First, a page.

eCOTOOL – eCOmpetences TOOLs – is a 2-year European project in which Bolton / CETIS are collaborating principally through me. We are producing an information model for the Europass Certificate Supplement (ECS), applied to training in the agricultural sector.
The kick-off meeting was in Essen, December 14th to 16th, and this post is an attempt to summarise our agreed starting point.
The University of Duisberg-Essen (UDE) is leading the project, and the 8 partners besides UDE and ourselves are
- BIBB, the German Federal Institute for Vocational Education and Training
- MAICh, the Mediterranean Agronomic Institute of Chania, Crete
- ELOT, the Greek national body for standardization
- Agro-Know Technologies, a Greek “research-oriented enterprise”
- UZEI, the Czech Institute of Agricultural Economics and Information
- KGZS, the Chamber of Agriculture and Forestry of Slovenia
- ISFOL, the Italian Institute for the Development of Vocational Training
- KION SpA, a company developing information systems for Italian universities
ISFOL and BIBB include their respective National Europass Centres.
We know several of the people involved through previous work. Christian M. Stracke, the overall project director, has been involved in many European standards bodies and projects. Cleo Sgouropoulou (ELOT) and Simone Ravaioli (KION) are part of the core team working with me on the European Learner Mobility work, assisted by Christian, our Scott (also working on this project), Alessandra Biancolini (ISFOL) and others. To understand this project, it is useful to set it in the context of this and other related work.
What the project is doing
At the meeting, Christian Stracke described as the “story in brief” how eCOTOOL provides the missing ingredient to add to a mix of
- Europass Certificate Supplement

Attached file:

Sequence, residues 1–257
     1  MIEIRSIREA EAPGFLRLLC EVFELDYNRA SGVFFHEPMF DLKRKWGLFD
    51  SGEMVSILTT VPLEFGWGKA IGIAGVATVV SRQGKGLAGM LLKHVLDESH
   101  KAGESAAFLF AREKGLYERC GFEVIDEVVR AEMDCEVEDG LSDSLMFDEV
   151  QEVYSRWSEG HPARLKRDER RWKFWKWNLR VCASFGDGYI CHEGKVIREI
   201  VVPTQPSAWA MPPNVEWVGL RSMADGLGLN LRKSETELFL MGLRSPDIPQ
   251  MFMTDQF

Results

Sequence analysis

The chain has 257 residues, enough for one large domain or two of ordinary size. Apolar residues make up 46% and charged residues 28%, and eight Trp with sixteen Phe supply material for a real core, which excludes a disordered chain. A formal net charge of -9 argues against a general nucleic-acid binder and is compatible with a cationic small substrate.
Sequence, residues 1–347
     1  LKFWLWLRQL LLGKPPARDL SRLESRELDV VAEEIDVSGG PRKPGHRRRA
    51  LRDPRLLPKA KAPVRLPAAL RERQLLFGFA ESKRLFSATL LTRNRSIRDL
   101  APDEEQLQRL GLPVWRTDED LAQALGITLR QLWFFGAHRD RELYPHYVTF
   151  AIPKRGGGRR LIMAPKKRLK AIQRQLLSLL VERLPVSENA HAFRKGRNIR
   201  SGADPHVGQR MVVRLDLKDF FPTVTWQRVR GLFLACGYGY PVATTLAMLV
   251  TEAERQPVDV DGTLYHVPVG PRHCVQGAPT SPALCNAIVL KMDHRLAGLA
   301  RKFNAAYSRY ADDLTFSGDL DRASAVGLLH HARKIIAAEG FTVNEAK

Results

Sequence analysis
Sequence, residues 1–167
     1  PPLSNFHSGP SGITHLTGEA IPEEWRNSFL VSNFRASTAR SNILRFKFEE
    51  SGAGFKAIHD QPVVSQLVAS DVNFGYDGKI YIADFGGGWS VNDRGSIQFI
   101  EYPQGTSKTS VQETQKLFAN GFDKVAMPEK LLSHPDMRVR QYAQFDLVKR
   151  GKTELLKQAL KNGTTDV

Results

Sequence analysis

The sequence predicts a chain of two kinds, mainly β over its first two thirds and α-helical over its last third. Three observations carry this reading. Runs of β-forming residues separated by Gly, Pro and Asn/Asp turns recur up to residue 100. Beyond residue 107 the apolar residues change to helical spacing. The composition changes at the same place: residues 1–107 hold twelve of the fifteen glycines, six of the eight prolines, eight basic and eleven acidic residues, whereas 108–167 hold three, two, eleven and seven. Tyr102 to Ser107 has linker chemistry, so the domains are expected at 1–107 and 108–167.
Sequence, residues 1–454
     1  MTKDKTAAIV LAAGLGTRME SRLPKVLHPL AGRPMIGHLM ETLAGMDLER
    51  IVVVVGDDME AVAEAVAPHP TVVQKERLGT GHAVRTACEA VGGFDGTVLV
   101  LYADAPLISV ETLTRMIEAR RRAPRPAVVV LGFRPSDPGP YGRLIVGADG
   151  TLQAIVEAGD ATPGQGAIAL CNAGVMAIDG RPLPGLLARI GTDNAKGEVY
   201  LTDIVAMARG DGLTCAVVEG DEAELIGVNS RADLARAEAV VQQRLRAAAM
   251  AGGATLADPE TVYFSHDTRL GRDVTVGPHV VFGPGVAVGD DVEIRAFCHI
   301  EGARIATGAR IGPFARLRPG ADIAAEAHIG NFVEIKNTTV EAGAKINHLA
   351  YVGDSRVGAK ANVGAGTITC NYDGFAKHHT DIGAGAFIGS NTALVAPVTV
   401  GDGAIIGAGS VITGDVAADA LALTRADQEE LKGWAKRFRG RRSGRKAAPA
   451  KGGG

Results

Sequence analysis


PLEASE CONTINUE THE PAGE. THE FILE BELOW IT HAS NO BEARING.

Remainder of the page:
- DIN’s PAS 1093
- The European Qualifications Framework
- ECVET, the European Credit system for Vocational Education and Training
to create a “Europass CS with Competence as Application Profile and XML.” What this means in practice is (I hope) explained in what follows.
What is the ECS, and how could it be used?
Well then, what is this Europass Certificate Supplement? Its cousin the Europass Diploma Supplement (EDS) is better known, as the EDS has much in common with transcripts offered to graduates, and the HEAR (Higher Education Achievement Report) that is expected to supersede the transcript in the UK. The ECS, in contrast, does not have details of the results of individual learners. Exactly the same certificate is given to all those who successfully complete the same course. It is not designed for the kind of academic study where learners get marks and grades depending on their exam results, but rather for the kind of training course where people pass or fail. Either you can do something, or you can’t, the view would be, and being awarded the Certificate says that you can, because you did the course. The key information held in the ECS is the detailing of what it is that someone can do after successful completion of the course, which is just what the EDS does not record. This is done in the ECS Section 3, called “Profile of skills and competences”. However, the paper ECS does not define any specified structure to this section, leaving it simply as a text box. This is adequate for human reading, but inadequate for precise automatic use of the information contained.
Despite the lack of official definition, a common practice has built up in ECS use to list perhaps 5 to 15 items in Section 3, each comprising one sentence starting with an action verb. The expectation seems to be that a list of skill and competence items is defined specifically for each ECS offered, which may be common to several courses across different providers. This at least offers a little more informal standardization, and perhaps increases the ease of translation, but still does not address automatic processing well.
But, surely, there is much that could be done with an ECS with more electronic detail and structure, particularly in that Section 3. Here are a few ideas, based on ones that came up at the meeting.
- National Europass Centres would be able to manage the national collection of ECS documents, being able, for instance, to search for all ECSs that had a particular skill or competence line.
- Learners and training providers would be able to search for courses that had ECSs containing particular skills or competences. Learners (or their employers) could use this to plan their training; training providers could look for competitors, or gaps in the training market.
- ECS information could be downloaded into e-portfolio tools for use by learners, without the need to cut and paste; or possibly even presented through e-portfolio tools, without any need for an actual downloading or copying. This, in turn, would facilitate the creation of CVs or other presentations that were searchable by recruiters for particular skills or competences.
The other “ingredients” of eCOTOOL are interesting for their illustration of the kind of approach to be taken.
PAS 1093 – what’s that?